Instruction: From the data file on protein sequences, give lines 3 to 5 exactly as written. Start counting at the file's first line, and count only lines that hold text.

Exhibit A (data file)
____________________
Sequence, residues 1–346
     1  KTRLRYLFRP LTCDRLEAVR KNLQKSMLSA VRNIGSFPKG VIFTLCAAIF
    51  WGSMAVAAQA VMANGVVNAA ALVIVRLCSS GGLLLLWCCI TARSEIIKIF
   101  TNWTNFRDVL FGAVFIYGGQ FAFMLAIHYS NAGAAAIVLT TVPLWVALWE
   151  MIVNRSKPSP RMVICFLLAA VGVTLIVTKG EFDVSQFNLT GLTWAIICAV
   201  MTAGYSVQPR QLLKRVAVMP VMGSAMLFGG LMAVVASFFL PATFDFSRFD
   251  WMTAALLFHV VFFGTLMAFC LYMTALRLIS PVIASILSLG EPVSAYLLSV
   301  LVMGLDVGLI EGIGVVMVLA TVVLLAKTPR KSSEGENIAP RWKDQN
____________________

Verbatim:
    51  WGSMAVAAQA VMANGVVNAA ALVIVRLCSS GGLLLLWCCI TARSEIIKIF
   101  TNWTNFRDVL FGAVFIYGGQ FAFMLAIHYS NAGAAAIVLT TVPLWVALWE
   151  MIVNRSKPSP RMVICFLLAA VGVTLIVTKG EFDVSQFNLT GLTWAIICAV